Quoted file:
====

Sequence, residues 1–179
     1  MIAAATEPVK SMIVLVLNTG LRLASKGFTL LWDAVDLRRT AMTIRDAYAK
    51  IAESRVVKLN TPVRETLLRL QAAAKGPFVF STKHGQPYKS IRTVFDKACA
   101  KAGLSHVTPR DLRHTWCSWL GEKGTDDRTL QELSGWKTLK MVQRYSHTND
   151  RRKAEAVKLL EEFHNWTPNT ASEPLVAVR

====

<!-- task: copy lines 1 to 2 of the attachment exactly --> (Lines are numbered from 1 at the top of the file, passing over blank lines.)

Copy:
Sequence, residues 1–179
     1  MIAAATEPVK SMIVLVLNTG LRLASKGFTL LWDAVDLRRT AMTIRDAYAK